8 Performance Requirements and Tests ............................................................................. 5-3
9 Application ...................................................................................................................... 5-4
PART 6
VACANT
Part 6 (Vacant) .................................................................................................................... 6-1
PART 7
ADJUSTABLE-FREQUENCY DRIVE SYSTEMS
RATED 601 TO 7200 VOLTS
1 General ........................................................................................................................... 7-1
2 Definitions ....................................................................................................................... 7-1
3 Classifications ................................................................................................................. 7-2
4 Characteristics and Ratings ............................................................................................. 7-2
5 Product Marking, Installation and Maintenance Information ............................................. 7-3
6 Service and Storage Conditions ...................................................................................... 7-5
7 Construction .................................................................................................................... 7-5
8 Performance Requirements and Tests ............................................................................. 7-5
9 Application ...................................................................................................................... 7-6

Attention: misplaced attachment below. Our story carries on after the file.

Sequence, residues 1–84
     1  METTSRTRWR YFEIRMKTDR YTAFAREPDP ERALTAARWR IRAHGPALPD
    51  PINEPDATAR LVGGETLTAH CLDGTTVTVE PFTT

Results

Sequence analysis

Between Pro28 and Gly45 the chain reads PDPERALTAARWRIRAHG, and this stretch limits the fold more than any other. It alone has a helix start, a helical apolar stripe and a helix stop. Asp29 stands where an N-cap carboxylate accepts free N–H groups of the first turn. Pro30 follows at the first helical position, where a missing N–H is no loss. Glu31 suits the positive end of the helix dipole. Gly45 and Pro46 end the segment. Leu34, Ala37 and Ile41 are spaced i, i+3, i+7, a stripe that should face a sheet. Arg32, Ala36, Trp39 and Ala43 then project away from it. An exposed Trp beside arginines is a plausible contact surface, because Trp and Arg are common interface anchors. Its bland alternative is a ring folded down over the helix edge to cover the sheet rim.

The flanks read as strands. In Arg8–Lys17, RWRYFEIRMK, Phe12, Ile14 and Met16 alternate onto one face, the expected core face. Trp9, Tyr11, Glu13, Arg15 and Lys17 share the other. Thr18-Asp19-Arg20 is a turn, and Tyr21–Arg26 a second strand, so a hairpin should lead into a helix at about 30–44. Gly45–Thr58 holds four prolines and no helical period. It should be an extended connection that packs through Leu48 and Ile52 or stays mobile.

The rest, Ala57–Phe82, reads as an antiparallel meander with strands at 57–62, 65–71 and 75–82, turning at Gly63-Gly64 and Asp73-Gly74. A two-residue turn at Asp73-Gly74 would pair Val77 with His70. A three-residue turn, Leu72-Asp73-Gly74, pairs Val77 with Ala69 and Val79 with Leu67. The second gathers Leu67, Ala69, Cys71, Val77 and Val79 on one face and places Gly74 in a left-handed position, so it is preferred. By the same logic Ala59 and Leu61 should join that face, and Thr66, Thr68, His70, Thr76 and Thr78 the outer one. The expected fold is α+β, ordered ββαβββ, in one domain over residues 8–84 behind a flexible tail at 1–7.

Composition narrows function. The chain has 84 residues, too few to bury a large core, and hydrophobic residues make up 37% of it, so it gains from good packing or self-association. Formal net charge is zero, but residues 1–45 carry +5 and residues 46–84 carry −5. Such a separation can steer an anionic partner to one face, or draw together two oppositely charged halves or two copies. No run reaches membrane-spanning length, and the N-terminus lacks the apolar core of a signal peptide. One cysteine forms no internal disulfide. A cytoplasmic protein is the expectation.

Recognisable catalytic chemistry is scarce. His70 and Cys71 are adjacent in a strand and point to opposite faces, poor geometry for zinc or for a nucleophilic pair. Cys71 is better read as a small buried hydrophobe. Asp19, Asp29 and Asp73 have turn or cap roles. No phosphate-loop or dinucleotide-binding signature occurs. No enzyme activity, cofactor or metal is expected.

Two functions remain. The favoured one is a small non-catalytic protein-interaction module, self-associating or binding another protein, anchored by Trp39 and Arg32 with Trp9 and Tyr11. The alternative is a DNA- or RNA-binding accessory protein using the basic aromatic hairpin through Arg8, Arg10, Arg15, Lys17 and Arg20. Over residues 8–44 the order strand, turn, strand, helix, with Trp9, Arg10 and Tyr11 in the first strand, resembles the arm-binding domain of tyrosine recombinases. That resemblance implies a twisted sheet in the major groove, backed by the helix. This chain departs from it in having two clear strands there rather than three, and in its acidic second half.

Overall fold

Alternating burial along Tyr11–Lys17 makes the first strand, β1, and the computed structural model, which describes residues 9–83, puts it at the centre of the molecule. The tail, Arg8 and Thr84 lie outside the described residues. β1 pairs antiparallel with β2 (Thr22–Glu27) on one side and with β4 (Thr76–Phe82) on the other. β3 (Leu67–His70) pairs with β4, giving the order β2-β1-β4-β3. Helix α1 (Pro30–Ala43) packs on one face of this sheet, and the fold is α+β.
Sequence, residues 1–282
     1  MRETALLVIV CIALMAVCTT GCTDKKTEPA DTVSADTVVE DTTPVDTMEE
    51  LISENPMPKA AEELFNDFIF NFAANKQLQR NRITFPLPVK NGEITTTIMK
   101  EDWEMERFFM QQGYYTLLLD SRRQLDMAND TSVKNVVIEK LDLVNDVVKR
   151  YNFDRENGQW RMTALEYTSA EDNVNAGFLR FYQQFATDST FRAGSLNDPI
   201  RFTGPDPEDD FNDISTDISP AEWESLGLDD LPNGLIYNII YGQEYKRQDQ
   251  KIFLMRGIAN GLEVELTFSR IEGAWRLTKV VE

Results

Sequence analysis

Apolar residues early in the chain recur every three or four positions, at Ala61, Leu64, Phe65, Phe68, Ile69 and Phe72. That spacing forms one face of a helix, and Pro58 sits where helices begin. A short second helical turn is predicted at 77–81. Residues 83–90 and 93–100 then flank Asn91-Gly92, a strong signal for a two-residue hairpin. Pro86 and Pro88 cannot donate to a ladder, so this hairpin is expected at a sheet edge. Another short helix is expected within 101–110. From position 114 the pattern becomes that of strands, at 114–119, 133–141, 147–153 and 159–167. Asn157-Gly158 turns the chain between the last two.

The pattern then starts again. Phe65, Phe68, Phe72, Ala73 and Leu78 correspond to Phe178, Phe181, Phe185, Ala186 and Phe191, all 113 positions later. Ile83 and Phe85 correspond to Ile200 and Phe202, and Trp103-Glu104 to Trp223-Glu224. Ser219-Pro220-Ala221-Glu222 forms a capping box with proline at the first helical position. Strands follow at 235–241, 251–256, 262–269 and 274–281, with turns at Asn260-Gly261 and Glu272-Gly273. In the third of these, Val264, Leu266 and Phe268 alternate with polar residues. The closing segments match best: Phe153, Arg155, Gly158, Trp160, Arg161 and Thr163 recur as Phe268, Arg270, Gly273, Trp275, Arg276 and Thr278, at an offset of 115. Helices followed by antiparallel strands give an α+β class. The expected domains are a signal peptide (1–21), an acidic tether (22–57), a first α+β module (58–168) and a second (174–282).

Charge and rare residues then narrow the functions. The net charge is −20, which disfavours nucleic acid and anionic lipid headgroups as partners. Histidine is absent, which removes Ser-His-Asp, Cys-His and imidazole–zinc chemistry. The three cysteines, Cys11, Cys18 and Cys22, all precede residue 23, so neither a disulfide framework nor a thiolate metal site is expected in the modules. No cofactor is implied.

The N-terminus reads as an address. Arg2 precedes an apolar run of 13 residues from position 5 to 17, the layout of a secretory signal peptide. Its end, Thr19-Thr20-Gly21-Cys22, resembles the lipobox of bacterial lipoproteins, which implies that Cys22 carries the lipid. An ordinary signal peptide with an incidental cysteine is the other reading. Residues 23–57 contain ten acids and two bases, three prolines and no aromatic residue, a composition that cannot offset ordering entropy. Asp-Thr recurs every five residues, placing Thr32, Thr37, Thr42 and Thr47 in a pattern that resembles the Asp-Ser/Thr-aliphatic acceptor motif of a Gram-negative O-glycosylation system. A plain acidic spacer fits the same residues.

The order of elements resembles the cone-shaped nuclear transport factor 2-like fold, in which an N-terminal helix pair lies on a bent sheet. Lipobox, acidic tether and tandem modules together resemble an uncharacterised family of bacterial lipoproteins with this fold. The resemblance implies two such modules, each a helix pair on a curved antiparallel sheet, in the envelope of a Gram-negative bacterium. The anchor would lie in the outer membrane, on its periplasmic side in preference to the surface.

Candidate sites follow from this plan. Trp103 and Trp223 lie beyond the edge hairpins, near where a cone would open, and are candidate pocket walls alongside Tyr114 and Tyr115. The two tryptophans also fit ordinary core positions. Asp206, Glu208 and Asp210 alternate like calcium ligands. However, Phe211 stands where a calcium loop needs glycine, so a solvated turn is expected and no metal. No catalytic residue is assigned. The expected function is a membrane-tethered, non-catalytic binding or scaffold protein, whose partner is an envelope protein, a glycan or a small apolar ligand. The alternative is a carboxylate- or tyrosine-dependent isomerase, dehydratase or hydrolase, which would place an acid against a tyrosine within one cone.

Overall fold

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Annex A
APPLICATION GUIDE FOR LINE REACTORS AND INPUT TRANSFORMERS
A.1 Condition 1Voltage Matching ....................................................................................A-1
A.2 Condition 2Codes .....................................................................................................A-1
A.3 Condition 3Provide Continuity of Service for Installation Prone to Nuisance Grounding
.....................................................................................................................................A-1
A.4 Condition 4Line Voltage Unbalance ..........................................................................A-1
A.5 Condition 5Reduction of Converter Input Harmonic Currents.....................................A-1
A.6 Condition 6Minimum Line Voltage Notching ..............................................................A-2
A.7 Condition 7Reduce Available Feeder Short-Circuit Capacity .....................................A-2
A.8 Condition 8Maximum/Minimum Impedance for Proper Operation...............................A-2
Annex B
AC ADJUSTABLE-SPEED DRIVE CONSIDERATIONS
B.1 General ........................................................................................................................B-1
B.2 Mechanical Considerations ..........................................................................................B-1
B.3 Torsional Considerations..............................................................................................B-1
B.4 Torque Pulsations ........................................................................................................B-1
B.5 Thermal Considerations ...............................................................................................B-1
B.6 Motor Parameters for Adjustable-Speed Drive Operation..............................................B-1
B.7 Special Motor Designs .................................................................................................B-2
B.8 Motor Insulation System ...............................................................................................B-2
B.9 Considerations for Drives with Regenerative Capability ................................................B-2
B.10 Redundancies ............................................................................................................B-2
B.11 Line Side Interface .....................................................................................................B-2

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ICS 7-2000
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ICS 7-2000